1 1 (March 18, 2020)

handle is hein.crs/govcrzu0001 and id is 1 raw text is: 









               Researh Sevice






The Defense Production Act (DPA) and

COVID-19: Key Authorities and Policy

Considerations



Updated March 18, 2020


As the coronavirus (COVID-19) pandemic evolves, the United States faces drug and medical supply
scarcities due to disrupted supply chains and increased demand. In response, the President may exercise
emergency authorities under the Defense Production Act of 1950 (DPA; 50 U.S.C. 4501 et seq.) to
address supply shortages and economic development impacts. During a press conference on March 18,
2020, the President indicated that he would invoke the DPA to address domestic essential goods and
materials shortages caused by the pandemic. This Insight considers the various DPA authorities that may
be used going forward and explores potential policy considerations for Congress.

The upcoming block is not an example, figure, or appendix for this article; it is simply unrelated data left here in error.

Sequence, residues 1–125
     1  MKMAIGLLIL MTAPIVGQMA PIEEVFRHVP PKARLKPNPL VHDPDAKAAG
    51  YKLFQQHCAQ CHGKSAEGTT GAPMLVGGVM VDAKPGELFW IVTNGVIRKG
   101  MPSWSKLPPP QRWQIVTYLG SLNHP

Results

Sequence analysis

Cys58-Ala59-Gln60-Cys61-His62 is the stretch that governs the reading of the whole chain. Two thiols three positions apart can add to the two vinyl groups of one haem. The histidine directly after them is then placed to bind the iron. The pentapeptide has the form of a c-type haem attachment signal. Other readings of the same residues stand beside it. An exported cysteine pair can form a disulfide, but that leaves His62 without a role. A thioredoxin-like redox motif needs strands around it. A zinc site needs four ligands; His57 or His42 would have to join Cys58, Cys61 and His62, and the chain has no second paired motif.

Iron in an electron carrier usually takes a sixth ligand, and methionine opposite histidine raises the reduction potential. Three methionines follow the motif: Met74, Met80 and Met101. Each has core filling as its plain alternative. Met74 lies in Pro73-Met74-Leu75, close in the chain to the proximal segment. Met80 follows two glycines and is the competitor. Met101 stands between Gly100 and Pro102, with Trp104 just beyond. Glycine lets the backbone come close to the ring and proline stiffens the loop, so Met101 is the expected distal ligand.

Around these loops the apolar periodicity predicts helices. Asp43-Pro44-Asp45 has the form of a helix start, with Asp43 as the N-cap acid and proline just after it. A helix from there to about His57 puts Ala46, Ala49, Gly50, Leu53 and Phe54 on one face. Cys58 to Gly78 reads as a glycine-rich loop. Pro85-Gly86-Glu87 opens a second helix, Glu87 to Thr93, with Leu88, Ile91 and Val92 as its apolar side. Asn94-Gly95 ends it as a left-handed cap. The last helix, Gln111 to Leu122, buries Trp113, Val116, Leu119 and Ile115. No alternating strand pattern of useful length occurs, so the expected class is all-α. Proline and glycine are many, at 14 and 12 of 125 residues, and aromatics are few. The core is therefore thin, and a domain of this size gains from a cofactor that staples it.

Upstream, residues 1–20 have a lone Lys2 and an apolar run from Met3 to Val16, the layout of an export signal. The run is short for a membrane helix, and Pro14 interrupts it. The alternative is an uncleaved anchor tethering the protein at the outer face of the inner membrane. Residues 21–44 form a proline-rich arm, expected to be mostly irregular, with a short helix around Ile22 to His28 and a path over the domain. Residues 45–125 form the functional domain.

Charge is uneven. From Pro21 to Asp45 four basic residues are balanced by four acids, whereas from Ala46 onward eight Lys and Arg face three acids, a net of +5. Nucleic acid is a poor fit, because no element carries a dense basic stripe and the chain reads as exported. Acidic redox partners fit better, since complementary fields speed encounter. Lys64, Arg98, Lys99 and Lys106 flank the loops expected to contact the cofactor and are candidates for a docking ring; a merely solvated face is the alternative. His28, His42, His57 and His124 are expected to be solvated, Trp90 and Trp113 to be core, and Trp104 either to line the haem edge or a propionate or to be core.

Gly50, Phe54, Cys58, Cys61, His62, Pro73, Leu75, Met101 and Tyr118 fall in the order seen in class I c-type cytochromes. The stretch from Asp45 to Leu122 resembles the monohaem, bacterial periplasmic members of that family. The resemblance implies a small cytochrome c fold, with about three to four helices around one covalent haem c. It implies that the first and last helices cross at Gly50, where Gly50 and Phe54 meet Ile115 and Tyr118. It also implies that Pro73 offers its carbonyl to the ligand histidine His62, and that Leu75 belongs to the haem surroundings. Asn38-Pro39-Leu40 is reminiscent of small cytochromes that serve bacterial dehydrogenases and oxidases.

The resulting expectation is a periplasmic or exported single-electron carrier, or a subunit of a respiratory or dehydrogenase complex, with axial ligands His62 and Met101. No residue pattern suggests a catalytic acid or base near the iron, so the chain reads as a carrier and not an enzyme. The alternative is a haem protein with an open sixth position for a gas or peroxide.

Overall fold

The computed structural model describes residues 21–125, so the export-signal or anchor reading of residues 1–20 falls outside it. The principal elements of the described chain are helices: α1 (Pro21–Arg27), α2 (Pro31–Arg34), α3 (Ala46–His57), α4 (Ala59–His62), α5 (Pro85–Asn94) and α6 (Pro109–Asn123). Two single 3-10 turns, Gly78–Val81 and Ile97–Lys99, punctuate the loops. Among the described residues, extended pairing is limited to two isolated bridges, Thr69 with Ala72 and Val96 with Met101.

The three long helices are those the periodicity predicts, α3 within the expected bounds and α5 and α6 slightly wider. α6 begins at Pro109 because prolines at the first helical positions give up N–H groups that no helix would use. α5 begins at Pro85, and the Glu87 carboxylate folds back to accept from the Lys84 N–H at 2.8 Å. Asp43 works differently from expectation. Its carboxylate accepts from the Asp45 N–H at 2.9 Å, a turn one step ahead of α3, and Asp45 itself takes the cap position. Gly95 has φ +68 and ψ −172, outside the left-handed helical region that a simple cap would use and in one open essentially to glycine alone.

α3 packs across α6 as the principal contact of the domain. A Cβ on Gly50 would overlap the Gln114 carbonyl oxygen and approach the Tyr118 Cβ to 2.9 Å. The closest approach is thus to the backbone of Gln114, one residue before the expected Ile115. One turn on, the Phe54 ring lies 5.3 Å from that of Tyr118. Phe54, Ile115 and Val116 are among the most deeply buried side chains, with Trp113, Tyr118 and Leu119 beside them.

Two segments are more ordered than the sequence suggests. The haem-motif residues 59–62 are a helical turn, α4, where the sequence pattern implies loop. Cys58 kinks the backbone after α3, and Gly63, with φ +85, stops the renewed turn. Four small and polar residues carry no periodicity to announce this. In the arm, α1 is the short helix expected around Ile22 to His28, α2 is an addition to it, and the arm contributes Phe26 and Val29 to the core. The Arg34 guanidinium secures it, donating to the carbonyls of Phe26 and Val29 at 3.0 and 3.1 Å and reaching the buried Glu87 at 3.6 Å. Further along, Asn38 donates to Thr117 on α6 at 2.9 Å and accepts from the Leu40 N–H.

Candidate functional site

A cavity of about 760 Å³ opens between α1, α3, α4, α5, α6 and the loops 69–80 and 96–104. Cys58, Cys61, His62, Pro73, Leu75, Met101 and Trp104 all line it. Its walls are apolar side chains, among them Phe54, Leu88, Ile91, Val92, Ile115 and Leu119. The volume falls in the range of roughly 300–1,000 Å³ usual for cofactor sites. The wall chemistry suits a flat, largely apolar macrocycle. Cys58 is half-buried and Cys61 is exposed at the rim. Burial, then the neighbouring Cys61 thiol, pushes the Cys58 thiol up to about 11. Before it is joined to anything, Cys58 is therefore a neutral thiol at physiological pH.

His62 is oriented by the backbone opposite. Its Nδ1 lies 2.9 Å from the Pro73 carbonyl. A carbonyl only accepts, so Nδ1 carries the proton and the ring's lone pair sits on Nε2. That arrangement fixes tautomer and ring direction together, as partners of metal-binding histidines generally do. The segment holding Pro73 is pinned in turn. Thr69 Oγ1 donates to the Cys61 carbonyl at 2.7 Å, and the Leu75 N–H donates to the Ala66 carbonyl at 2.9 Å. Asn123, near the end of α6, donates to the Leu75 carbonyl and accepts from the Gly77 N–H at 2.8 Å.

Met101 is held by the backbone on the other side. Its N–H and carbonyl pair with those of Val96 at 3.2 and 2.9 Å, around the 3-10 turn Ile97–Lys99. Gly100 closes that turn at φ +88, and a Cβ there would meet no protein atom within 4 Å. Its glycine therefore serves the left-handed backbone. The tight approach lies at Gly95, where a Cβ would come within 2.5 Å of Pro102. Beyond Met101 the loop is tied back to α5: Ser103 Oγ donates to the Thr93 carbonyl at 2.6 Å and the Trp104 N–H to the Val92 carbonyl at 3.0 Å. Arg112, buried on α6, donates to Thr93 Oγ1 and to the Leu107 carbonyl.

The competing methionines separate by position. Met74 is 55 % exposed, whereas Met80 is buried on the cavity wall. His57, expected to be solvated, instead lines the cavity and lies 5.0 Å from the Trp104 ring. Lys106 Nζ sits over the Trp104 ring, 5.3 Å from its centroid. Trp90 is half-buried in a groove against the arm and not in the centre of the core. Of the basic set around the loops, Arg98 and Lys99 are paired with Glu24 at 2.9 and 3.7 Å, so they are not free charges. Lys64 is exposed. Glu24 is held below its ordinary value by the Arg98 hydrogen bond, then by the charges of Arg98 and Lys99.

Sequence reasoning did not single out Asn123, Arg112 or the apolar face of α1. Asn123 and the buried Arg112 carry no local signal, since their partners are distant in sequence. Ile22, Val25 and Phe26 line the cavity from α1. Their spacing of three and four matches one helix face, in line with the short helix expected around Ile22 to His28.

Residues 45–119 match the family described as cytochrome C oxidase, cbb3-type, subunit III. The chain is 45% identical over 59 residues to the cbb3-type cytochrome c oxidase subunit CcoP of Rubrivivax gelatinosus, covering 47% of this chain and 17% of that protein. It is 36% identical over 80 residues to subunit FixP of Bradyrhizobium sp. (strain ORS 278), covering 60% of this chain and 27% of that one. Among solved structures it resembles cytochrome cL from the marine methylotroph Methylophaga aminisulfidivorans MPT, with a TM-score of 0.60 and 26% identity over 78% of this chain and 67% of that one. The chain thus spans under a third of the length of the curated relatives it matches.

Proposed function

For more information on the health and epidemiological aspects of COVID- 19, see CRS Report R46219,
Overview of U.S. Domestic Response to Coronavirus Disease 2019 (COVID-19) and CRS In Focus
IF 11421, CO VID-19: Global Implications and Responses.


DPA Provisions and Recent Use

The DPA confers broad presidential authorities to mobilize domestic industry in service of the national
defense, defined in statute as various military activities and homeland security, stockpiling, space, and
any directly related activity (50 U.S.C. 4552) including emergency preparedness activities under the
Stafford Act, which has been used for public health emergencies. Many of these authorities are delegated
to executive agencies under Executive Order 13603.
Current DPA authorities include, but are not limited to:
       Title I: Priorities and Allocations, which allows the President to require persons
       (including businesses and corporations) to (1) prioritize and accept government contracts
       for materials and services, and (2) allocate or control the general distribution of materials,
       services, and facilities as necessary to promote the national defense. Title I prioritization
       authorities are regularly utilized by the Department of Defense (DOD) to acquire critical

                                                               Congressional Research Service
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